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It is Fashion Week in New York City right now, and Jim Cramer thinks this is a good time to celebrate the hottest trends currently on the Wall Street "red carpet." Especially the semiconductor space, which is still pretty cheap in a market of overvalued stocks.
The hottest style right now is the cybersecurity stocks. And Cramer thinks this makes sense, ever since the CEO of Target lost his job because of a data breach.
Additionally, domestic retail is on fire right now and the "Mad Money" host anticipates that it will keep burning. He has his eyes on TJX, Ross Stores, Nordstrom, Home Depot, Bed Bath & Beyond, Big Lots and Costco. And while analysts are backing away from these stocks as weaker oil plays, Cramer is standing his ground on them and thinks they will keep rallying.
"Now I'm not saying that all of these companies represent bargains. Fashion is, per se, not a bargain. Some of the cybersecurity stocks in particular are ridiculously overvalued. But right now it just doesn't seem to matter," said Cramer.
Another trending industry right now that is perhaps not as red carpet glamorous, are garbage stocks.
"The garbage business is on fire in this country, and unlike the smell of a real trash fire, I find the odor of a stock like Waste Management to be very pleasant right here, " said Cramer.
When the economy improves, that means people are producing more garbage. This is good news for a stock like Waste Management, which has 252 active landfills and 300 transfer stations. It delivered an 8 cent earnings beat from a 59 cent basis on Tuesday, sending the stock up 5 percent.
Does the company think it will go higher, along with the economy? To find out, Cramer spoke with Waste Management CEO David Steiner.
"When you look at construction around the country, you see particularly in the chemical corridor…the reindustrialization America is coming back. We are perfectly positioned to take advantage of that," said Steiner.
Now Cramer thinks it is time for a little earnings education because it is seriously fishy when stocks such as Skechers and Columbia Sportswear report earnings and then shoot through the roof immediately following.
"The mystery of how these stocks can make major moves right in front of your eyes needs to be unlocked for you to understand how the stock market really works. Yes, it's really that important," said the "Mad Money " host on Tuesday.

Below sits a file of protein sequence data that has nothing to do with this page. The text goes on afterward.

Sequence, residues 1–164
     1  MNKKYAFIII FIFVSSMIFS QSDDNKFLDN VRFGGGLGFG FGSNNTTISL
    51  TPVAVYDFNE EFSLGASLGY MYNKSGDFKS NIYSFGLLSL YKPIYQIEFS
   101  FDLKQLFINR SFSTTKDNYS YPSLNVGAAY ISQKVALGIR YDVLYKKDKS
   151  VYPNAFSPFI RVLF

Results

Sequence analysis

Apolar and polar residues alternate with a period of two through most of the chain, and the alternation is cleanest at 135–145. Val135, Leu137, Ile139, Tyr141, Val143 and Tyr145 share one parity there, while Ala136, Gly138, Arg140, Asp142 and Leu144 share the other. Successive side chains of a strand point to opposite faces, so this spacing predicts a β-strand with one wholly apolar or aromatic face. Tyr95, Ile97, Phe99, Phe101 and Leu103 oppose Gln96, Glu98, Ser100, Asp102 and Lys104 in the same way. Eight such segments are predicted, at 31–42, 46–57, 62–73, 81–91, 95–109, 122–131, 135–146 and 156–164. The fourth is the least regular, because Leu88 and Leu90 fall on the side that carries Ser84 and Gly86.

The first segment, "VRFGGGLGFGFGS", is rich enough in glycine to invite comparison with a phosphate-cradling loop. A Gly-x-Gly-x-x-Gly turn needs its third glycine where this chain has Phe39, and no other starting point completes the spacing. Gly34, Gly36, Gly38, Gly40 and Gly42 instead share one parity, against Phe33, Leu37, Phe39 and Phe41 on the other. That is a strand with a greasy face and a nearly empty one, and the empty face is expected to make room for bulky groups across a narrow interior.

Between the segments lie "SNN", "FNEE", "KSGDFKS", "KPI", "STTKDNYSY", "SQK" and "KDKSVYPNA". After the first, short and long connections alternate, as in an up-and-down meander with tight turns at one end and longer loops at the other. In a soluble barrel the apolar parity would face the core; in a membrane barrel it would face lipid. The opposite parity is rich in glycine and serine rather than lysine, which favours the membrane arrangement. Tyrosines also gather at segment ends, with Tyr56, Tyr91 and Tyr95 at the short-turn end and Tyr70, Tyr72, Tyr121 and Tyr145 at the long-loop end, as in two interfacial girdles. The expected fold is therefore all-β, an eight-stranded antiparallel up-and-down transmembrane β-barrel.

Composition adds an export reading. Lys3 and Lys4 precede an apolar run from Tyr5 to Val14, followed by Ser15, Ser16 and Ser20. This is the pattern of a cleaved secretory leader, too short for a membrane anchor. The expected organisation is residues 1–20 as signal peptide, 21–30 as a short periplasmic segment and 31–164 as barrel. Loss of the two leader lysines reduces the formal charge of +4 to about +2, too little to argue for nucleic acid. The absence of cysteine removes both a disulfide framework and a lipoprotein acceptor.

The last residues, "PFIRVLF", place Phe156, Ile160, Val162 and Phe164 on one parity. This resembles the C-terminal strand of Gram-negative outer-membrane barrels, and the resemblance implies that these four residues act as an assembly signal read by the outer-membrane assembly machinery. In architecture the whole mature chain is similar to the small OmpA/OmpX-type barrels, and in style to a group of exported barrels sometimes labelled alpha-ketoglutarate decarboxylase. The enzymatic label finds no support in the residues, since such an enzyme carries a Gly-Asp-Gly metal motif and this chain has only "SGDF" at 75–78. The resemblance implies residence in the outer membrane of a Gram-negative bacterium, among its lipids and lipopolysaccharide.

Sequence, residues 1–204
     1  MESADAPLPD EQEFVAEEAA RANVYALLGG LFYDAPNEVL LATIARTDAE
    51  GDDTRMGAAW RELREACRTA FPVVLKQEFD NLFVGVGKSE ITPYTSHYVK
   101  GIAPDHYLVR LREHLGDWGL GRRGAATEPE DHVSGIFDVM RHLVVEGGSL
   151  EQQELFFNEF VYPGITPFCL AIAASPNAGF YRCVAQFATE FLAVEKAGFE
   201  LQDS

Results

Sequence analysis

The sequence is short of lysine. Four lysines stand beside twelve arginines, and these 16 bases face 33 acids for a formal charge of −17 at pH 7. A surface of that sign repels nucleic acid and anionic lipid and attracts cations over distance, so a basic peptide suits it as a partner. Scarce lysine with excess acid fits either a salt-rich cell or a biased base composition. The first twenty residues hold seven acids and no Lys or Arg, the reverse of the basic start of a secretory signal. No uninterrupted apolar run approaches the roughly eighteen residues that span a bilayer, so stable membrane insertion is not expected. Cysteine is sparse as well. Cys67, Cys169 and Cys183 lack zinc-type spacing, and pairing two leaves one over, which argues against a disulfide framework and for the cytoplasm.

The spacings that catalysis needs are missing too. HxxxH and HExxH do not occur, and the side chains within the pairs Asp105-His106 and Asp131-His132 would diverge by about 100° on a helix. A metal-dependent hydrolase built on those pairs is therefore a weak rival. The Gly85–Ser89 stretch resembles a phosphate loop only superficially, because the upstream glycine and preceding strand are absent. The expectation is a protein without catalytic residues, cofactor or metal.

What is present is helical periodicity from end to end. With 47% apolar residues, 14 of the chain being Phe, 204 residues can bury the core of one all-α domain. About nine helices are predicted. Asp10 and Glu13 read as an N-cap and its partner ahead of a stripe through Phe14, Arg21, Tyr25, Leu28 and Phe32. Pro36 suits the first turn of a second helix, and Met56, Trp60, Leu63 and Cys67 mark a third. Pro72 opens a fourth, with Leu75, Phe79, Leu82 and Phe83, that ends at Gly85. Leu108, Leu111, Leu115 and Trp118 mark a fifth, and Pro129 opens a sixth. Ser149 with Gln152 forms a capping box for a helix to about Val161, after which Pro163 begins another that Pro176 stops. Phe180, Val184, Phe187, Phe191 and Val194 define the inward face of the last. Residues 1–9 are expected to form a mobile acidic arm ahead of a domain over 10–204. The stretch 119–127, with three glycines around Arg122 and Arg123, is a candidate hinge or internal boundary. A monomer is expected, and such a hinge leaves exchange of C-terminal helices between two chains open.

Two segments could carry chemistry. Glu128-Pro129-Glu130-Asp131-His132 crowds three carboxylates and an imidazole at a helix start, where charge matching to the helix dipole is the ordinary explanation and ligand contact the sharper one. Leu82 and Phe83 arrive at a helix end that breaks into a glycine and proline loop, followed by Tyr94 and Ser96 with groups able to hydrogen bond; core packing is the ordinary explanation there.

There really are two reasons that hold the answer to these questions. Cramer's first reason is that both Skechers and Columbia did very well in the latest quarter, thanks to new product innovations and excellent sales.
The "Mad Money" host said that many hedge funds and brokerage research houses use different third-party information services in order to predict the health of a company and the direction of the stock.
The problem with these sampling services, according to Cramer, is that they have frequently underestimated sales and produced inaccurate results. Thus, the moves in both Skechers and Columbia last week were a result of hedge funds' desperately reaching for a stock to cover their short sales that were created due to faulty information.
Speaking of trends, Cramer doesn't even need to look at a chart to know that tech stocks have been roaring recently. Even the semiconductor space has taken off, with the Philadelphia Semiconductor Index reaching highs that have not been seen since 2001.
"When people tell you that the Nasdaq is overvalued, I want you to look at the semis. Because they're actually still pretty darned cheap," said Cramer.
Can the semis keep roaring, and what is the best way to make money off of this trend? To find out, Cramer turned to Bob Lang, a technician and founder of ExplosiveOptions.net, as well as a colleague of Cramer's at TheStreet.com.
In order to take the pulse on a broad scope of the industry, Lang looked at the monthly chart of the Market Vectors Semiconductor ETF, or the SMH. Lang thinks this chart is important, as it shows how the semiconductors have been making their way higher and higher for years and have led the market since 2009.
One stock that Cramer thinks could yield long-term growth, is Ethan Allen. This manufacturer and retailer of home furnishings had a rough quarter, when it announced an 8 cent earnings miss off of a 45 cent basis.
However Ethan Allen is in the process of changing more than 79 percent of its merchandise and renovating its stores, which could provide long-term turnaround efforts that will reward shareholders nicely.
Could the stock transform itself? To find out, Cramer sat down with Ethan Allen Interiors chairman and CEO Farooq Kathwari.
"We are going through another major reinvention…this is major because the world has changed. Today when you take a look at the world we have the impact of globalization and commoditization on one hand. We have the impact of human consumer attitude…Finally there is technology. All of these are making it for us to really go through the next reinvention," Kathwari said.
Five Below Inc: "There are so many retailers that I like, I'm not going to go for one that just missed and then missed. So I think we are going to say no go on this one, and I would rather be in Costco. "
Raptor Pharmaceuticals Corp: "A small cap little guy. I've got some of the best ones like Regeneron and Celgene stalled. I'm going to put my chips on those two. I'd rather buy five shares of Regeneron. "